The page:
Republican frontrunners Donald Trump and Ben Carson, with no political experience, were under attack from the start of the third GOP presidential debate in Colorado.
Ohio Governor John Kasich condemned their “fantasy tax plans” and added: “We can’t elect someone who doesn’t know how to do the job.”
Ben Carson, a retired neurosurgeon who has edged past Donald Trump in the latest national polls, had a quiet night in Boulder.
His tax proposal, which is based on biblical tithes, was decried by John Kasich, who also dismissed Donald Trump’s plan to deport 11 million undocumented immigrants and build a wall on the Mexico border.
Political friendships were strained by some of the testy exchanges, notably one between former Florida Governor Jeb Bush and Florida Senator Marco Rubio.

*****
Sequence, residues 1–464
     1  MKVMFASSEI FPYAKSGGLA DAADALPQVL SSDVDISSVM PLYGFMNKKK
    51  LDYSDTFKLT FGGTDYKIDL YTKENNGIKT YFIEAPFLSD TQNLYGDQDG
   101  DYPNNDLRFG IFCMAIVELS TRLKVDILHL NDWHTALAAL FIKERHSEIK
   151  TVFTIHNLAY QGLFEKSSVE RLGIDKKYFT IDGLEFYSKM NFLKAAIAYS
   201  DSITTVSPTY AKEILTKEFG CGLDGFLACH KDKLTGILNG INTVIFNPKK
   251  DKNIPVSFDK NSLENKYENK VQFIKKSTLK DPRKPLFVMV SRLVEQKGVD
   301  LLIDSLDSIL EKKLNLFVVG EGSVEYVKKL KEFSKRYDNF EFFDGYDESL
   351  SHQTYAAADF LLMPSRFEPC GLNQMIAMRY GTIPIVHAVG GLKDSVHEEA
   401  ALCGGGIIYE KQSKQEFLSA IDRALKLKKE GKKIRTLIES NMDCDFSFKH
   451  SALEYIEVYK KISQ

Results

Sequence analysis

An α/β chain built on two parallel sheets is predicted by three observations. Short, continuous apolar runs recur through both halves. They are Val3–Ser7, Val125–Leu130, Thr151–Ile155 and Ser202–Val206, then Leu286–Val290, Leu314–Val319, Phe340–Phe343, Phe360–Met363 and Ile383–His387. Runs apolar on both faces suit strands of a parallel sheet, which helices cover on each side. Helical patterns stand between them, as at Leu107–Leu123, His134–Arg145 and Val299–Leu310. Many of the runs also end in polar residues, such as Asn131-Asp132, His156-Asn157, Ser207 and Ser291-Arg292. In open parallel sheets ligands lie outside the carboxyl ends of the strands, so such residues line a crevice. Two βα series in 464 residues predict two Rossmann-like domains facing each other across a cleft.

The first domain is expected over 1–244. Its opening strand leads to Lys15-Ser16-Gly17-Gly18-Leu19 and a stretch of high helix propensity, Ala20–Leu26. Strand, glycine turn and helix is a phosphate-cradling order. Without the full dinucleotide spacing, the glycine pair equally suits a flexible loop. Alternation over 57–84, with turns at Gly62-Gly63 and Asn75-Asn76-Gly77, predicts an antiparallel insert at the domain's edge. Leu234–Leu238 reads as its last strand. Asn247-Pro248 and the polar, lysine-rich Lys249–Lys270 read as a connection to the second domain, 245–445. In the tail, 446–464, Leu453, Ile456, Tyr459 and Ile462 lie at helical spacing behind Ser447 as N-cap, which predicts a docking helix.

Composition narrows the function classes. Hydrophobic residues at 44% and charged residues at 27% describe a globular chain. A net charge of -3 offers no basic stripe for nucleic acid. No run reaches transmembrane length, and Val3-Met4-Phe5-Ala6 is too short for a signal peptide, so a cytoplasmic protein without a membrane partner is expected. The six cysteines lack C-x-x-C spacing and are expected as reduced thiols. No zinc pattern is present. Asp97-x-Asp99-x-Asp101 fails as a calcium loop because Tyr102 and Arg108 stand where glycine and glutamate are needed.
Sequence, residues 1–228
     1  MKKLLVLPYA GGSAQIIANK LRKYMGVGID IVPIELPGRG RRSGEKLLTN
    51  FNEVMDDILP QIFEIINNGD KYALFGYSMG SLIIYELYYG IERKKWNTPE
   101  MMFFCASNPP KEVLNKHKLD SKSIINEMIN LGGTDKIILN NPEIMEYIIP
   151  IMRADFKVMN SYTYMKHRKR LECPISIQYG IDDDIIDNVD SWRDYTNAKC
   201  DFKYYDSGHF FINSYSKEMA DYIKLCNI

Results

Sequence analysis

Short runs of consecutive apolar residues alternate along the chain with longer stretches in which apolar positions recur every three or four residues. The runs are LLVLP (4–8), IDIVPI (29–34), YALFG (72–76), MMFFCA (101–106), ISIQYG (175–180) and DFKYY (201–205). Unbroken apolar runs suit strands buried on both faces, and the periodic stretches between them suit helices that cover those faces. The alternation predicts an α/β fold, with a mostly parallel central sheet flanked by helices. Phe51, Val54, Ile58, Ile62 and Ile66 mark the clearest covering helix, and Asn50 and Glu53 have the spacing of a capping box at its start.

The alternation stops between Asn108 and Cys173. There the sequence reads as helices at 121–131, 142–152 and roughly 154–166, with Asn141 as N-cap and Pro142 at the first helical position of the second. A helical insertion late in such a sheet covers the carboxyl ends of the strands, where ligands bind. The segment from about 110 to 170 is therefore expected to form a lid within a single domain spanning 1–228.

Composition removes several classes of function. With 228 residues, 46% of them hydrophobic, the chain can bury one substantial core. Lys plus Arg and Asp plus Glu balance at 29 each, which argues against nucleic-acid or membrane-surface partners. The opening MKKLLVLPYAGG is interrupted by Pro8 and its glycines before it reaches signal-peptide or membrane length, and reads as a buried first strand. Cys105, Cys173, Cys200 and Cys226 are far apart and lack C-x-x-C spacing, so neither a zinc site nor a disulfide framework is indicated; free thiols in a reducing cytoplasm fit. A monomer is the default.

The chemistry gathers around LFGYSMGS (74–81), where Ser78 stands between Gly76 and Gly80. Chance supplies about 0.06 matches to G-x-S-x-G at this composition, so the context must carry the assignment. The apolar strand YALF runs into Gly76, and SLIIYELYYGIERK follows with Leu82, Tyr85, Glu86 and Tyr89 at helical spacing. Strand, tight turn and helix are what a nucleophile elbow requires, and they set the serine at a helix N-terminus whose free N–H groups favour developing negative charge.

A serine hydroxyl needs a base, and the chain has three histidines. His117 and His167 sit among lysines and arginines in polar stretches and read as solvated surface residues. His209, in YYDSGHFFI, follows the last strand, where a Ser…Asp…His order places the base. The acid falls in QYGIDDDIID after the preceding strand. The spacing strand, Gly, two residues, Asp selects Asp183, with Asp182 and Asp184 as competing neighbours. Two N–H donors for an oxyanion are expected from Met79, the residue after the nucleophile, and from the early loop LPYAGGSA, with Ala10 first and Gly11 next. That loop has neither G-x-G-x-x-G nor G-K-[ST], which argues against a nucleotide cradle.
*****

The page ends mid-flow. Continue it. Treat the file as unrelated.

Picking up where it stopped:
Jeb Bush urged Marco Rubio, once his protégé, to resign from the Senate because of his poor voting record.
The media were also in the firing line – Texas Senator Ted Cruz got the night’s biggest applause when he attacked the hosts, CNBC for stirring confrontation.
“The questions that have been asked so far in this debate illustrate why the American people don’t trust the media. This is not a cage match.”
The hostility against CNBC continued after the debate when Republican National Committee chairman Reince Priebus complained about the “gotcha questions”.
The four lowest-polling Republican candidates squared off in an early debate.
Lindsey Graham, a senator from South Carolina, got the most laughs, especially when he said Democratic candidate Bernie Sanders “went to the Soviet Union on his honeymoon and I don’t think he ever came back”.
Primary voting begins in February in Iowa, 10 months before the US goes to the polls to vote for its new president.